Commentators have discovered that executives who engage in securities transactions purportedly under the shield of a Rule 10b5-1 Plan, so that their trades do not constitute unlawful insider trading, achieve abnormal returns. There is speculation that these returns may be achieved by influencing the timing of corporate disclosures, so that, for example, bad news is withheld at the corporate level until after a Plan sale occurs. This article concludes that so long as this delay in disclosure does not violate an SEC mandated disclosure requirement, Rule 10b-5 is not violated, and the SEC could not expand Rule 10b-5 to reach disclosure timing of this type. The article also addresses the application of the common law to disclosure timing. The use of corporate information to time corporate disclosure for a personal benefit, to achieve a more favorable outcome in personal securities trading pursuant to a Plan, may be a breach of duty under the corporate common law of some states, including Delaware, applying established principles of the common law of insider trading. It is unlikely, if not impossible, however, that state regulatory authorities could or would pursue such conduct. If remedial action is needed to discourage, and effectively preclude, disclosure timing, it should be in the nature of SEC mandated disclosures of information regarding Rule 10b5-1 Plans, something the SEC proposed more than ten years ago and then abandoned without explanation, and the exclusion of those who engage in disclosure timing from the benefits of Rule 10b5-1 by amending that rule itself.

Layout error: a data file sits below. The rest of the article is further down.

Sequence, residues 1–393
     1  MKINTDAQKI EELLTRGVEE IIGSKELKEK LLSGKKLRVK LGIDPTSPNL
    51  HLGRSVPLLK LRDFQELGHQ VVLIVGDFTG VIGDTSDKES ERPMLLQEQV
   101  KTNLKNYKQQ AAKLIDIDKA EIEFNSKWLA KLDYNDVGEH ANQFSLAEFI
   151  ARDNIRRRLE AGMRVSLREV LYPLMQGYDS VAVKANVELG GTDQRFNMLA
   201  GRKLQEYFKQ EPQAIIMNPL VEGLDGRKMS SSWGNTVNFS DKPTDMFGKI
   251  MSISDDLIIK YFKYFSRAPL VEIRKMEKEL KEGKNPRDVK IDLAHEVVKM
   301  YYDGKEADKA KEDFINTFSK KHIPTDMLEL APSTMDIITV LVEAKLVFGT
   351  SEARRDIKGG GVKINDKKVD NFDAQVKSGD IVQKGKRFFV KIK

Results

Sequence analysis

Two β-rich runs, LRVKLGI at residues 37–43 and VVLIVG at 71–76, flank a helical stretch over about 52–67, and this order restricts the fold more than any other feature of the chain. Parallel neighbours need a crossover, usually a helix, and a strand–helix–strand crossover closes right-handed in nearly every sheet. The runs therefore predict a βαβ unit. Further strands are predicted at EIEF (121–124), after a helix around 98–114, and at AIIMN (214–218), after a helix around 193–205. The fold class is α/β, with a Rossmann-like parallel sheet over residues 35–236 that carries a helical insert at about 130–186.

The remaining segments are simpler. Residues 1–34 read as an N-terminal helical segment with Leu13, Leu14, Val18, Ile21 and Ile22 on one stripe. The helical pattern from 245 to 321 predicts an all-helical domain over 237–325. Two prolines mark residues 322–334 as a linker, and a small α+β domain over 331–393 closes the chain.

|Number of pages
|Published - Sep 1 2016
ASJC Scopus subject areas
- Organizational Behavior and Human Resource Management